How Schools are Killing Creativity

I worried my teachers a little while I was growing up. I was a space cadet and a wallflower, content to spend all of class-time doodling and swatting away any attempts to engage my attention. I didn’t like talking to the other children, and I spent the entirety of group projects trying to convince my group members to make clay animations with me. My only saving grace was that my teachers recognized that I was more of a “creative” learner, and were willing to jump through hoops to make sure that I didn’t fall through the cracks.

Things got harder in high school. I went to a competitive public school geared towards math/science, and I disengaged immediately. I was terrible at rapidly synthesizing huge quantities of information and spitting it back out, and was frustrated by the lack of creativity in my science and math classes. I don’t want to vilify the education system or my teachers, but where do creativity and innovation fit in as we are acquiring knowledge and specialized skills? How do we reconcile the need to bestow knowledge while also making sure that there is room for critical thinking, creativity, and personal growth? It is important that children meet standards at a “normal” developmental rate, but how do we challenge them to think outside of the box, engage deeply and personally with the material, and have the courage to be wrong?

Creativity is crucial to the learning process, as is trial and error. Do you think the current education system rewards creativity? Or does it reward children who can learn in specific ways and penalize those who cannot? I’m not entirely sure myself what my opinion on this is, but let’s kick off the conversation.

Here’s some food for thought:

Here’s a cartoon adaptation:!

4 thoughts on “How Schools are Killing Creativity

  1. Arvia, I saw a great talk about this a couple of weeks ago. Well, sort of about this…. It was on using humor in the classroom and the speaker was talking about how taking humor out of the classroom was, essentially, killing creativity. And that this is basically what our educational system does in its current format. Interesting stuff.


  2. I believe that schools are killing creativity, in class rooms everyone must learn a certain way to excel, those who cannot do not succeed. Or those who cannot are thought to have a “learning difference” as if its a disorder when at the end of the day everyone learns differently. People are so concerned with grades that they neglect how the student as an individual feels.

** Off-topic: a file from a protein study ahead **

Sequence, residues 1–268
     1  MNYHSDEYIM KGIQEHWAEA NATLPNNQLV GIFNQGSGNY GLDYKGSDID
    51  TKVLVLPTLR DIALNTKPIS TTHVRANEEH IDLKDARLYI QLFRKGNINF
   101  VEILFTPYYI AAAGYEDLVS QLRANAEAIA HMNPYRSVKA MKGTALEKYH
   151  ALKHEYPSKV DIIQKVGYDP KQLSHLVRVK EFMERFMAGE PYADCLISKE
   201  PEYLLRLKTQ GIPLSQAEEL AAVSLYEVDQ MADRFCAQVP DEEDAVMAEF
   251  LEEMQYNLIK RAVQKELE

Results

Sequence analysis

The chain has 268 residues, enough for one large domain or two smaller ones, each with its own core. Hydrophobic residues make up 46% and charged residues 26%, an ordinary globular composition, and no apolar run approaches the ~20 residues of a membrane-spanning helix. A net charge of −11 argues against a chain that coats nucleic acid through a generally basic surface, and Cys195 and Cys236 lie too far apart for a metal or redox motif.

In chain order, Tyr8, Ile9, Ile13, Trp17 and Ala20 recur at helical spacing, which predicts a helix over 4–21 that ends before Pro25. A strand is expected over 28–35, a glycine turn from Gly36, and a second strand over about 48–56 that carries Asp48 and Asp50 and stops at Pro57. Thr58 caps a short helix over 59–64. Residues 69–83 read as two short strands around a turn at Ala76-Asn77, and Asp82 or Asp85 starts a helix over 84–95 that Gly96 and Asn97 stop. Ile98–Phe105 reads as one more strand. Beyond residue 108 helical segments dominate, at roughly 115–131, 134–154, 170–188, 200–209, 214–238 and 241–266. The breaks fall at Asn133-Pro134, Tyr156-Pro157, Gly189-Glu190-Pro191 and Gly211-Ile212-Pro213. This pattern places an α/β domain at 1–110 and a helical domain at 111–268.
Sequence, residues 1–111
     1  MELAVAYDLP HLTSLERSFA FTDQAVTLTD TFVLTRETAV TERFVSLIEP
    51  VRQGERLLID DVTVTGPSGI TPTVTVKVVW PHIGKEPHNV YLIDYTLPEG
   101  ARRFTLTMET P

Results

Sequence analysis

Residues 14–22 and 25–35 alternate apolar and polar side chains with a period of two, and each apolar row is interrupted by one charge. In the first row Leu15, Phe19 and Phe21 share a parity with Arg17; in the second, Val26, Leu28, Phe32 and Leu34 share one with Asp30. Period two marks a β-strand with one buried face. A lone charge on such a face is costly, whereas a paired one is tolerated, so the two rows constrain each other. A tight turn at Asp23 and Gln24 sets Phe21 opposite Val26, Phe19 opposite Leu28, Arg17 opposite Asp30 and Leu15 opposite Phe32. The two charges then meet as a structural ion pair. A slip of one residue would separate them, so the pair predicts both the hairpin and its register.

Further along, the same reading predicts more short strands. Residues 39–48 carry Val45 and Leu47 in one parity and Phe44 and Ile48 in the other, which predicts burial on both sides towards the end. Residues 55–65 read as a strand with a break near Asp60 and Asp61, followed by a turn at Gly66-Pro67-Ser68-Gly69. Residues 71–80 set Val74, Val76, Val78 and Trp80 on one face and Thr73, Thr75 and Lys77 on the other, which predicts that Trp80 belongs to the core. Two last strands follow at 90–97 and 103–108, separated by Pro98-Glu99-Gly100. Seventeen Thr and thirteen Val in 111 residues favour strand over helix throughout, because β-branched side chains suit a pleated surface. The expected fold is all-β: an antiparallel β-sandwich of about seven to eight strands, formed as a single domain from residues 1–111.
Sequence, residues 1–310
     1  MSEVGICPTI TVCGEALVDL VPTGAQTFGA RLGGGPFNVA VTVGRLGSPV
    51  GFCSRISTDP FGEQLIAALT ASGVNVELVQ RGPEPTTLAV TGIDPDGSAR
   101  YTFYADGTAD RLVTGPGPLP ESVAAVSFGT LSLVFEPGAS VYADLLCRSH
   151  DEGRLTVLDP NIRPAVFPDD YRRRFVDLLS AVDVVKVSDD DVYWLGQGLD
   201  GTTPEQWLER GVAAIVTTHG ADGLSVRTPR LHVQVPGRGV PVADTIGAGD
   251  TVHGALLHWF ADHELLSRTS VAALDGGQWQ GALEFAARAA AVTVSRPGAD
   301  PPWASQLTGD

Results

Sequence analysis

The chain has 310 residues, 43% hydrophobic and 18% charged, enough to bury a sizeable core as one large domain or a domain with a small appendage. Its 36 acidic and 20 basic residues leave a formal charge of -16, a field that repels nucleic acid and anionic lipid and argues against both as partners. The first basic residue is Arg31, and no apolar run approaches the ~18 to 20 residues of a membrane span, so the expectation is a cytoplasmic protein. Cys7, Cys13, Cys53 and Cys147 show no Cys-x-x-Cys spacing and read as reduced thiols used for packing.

3. I like Alaba’s point about how anyone who does not fit a certain mold of the “prototypical student” is considered to have a learning difference. Connecting back to the original point, perhaps these people simply learn differently- and would greatly benefit from more creative elements in the classroom. The issue is, each year schools feel more and more pressure from the government to meet standards (See the No Child Left Behind Act), and so now not only are we seeing the elimination of “creative activities” from the learning environment, but also the elimination of things like art class, gym class, recess, and music class. These things are fundamental in the development of a child in so many ways, and to eliminate them is to fail all of the children in our society.


  4. I agree that the current educational system is diminishing the importance of creativity, mostly as a result of standardization. Both students and teachers alike are given incentive to focus on hard facts, in an explicit manner, as they are easier to test for. Students are obviously benefited by succeeding on fact-based exams by being more competitive in college applications, and therefore stop striving to think more critically and creatively, while teachers are benefited by teaching students “for the test” as opposed to creating a more authentic, creative learning experience or curriculum, as student test scores are a major factor when considering and judging the quality of a teacher’s work. Education is at its best when it is individualized for maximum learning. In a system where good grades are what is most desired, as opposed to meaningful learning outcomes, who is really benefiting?


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